Nearly half of Australians back military intervention in Taiwan – poll
Nearly half of the Australians surveyed in a recent poll said they would support sending military forces to “defend Taiwan” in the event of a Chinese attack, according to The Guardian, which obtained the polling results ahead of their release.
Of 1,068 Australians asked, 46% said they agreed or strongly agreed that their country should deploy troops “to help the United States defend Taiwan,” the outlet reported on Monday, citing a yet-to-be-published survey conducted by the US Studies Centre at the University of Sydney. The complete results are set to be released on Wednesday.
About one-quarter of respondents said they disagreed with the idea, 9% of which said they ‘strongly’ opposed military intervention – just half the percentage of those who ‘strongly’ supported it.
The polling indicates more enthusiastic support for such a policy among Australians than among American or Japanese citizens. In Japan, 35% of respondents said they would approve sending the Japanese military to Taiwan’s defense, while just 33% of Americans said they would support a US intervention. Similar percentages in both countries said they would disagree with a military deployment, suggesting opinion is more evenly divided there.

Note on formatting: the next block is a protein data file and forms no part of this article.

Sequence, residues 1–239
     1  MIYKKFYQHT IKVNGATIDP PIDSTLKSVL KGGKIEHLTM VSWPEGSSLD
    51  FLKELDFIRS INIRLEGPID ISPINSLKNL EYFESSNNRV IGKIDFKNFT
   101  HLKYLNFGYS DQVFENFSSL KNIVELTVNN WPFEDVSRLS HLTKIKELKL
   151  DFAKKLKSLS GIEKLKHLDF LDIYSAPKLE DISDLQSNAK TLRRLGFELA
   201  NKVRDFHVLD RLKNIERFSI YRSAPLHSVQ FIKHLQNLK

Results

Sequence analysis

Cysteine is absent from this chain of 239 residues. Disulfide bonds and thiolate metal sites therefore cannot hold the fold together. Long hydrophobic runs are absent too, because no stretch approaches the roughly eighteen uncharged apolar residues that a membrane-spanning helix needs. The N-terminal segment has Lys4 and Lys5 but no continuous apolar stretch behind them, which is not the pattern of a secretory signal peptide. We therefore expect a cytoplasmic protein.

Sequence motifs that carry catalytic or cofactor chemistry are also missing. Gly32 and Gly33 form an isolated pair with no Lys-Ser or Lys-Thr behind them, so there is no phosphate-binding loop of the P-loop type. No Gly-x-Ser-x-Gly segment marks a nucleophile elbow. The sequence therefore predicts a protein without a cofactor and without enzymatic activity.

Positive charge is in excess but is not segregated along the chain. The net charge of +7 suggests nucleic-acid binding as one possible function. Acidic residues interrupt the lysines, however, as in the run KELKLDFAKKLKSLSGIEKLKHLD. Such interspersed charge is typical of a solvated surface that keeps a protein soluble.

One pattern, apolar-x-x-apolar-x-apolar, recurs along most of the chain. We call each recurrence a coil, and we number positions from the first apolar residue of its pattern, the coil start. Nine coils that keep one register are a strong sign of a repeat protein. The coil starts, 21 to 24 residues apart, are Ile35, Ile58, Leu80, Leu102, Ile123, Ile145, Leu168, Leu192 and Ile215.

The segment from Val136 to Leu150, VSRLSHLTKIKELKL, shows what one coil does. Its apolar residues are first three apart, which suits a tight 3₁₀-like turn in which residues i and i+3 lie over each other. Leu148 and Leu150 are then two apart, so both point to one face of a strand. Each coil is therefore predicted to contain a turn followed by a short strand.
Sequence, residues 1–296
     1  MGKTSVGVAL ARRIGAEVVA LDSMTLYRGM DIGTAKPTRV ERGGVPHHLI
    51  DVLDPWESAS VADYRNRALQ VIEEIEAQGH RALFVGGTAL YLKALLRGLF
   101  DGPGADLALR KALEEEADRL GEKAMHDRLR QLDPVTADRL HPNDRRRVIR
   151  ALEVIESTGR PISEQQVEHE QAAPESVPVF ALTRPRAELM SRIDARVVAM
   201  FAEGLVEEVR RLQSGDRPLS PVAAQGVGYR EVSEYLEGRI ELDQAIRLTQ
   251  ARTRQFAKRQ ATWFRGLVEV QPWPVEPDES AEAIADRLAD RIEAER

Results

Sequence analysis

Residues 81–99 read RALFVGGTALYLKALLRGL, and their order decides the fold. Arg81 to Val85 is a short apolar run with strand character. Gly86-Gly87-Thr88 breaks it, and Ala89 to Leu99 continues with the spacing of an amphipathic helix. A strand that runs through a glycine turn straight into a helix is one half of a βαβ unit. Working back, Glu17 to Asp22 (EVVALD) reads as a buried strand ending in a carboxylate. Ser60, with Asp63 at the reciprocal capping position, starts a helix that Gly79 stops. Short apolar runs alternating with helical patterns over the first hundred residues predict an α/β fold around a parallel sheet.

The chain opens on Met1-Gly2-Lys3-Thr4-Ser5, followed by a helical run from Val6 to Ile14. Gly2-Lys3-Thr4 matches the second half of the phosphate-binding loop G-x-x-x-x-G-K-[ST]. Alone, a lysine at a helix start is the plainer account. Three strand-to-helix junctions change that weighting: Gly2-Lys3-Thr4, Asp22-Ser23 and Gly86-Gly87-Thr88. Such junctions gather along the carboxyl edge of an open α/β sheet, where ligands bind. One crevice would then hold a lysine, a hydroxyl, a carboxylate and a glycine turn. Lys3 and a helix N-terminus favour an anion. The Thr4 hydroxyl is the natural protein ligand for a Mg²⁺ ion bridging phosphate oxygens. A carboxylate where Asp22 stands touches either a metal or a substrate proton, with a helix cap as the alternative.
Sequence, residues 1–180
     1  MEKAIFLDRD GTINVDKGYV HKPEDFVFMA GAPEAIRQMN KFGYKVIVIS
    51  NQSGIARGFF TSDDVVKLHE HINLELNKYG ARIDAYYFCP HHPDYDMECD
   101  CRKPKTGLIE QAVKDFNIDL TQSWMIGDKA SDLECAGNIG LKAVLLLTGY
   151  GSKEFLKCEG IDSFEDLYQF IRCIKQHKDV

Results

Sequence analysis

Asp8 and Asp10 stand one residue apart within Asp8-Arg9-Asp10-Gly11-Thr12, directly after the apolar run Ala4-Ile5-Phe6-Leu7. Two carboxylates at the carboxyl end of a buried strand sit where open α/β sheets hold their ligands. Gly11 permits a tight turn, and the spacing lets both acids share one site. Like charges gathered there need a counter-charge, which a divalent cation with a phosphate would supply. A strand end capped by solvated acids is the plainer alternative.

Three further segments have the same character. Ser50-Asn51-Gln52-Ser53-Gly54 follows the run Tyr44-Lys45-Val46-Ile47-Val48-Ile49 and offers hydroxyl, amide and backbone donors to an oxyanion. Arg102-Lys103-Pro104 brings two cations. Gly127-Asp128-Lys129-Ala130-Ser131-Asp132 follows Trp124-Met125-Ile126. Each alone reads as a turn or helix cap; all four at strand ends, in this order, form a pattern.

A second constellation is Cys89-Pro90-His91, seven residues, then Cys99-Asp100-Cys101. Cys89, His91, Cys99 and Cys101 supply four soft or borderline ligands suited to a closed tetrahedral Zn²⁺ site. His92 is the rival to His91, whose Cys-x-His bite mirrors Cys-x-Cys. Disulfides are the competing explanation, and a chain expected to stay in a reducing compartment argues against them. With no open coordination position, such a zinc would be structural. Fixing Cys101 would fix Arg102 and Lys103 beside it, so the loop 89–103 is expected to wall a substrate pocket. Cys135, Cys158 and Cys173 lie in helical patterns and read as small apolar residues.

While more than half of the Australians surveyed (53%) also said they would approve of providing weapons to Taipei after a future attack by China, a significant proportion (38%) nonetheless agreed that Australia should play no role at all.
Though Washington long maintained a policy of ‘strategic ambiguity’ in regards to how it would respond to an assault by Beijing, refraining from outlining any particular reaction for decades, President Joe Biden has abandoned that approach, repeatedly declaring that the US will help defend Taipei should it come under attack from the mainland. Despite Biden’s comments, however, lower-level officials have insisted that US policy toward Taiwan and China has not changed.
Tensions between Beijing and the self-governing island have soared in recent months, with hostilities spiking in August after a high-profile visit to Taipei by US House Speaker Nancy Pelosi. China responded with a series of unprecedented military exercises around Taiwan’s waters and airspace, including a rehearsal for a full “blockade,” triggering vocal condemnation from Washington.
Taiwan, which officially refers to itself as the Republic of China, has been under self-rule since 1949, though it has never gained independence from the mainland and few countries recognize it as a sovereign nation. Beijing considers the island a part of its territory under the One-China policy, and while the People’s Republic has repeatedly stated its intent to peacefully reunite with Taiwan, it has not ruled out a military solution to the issue.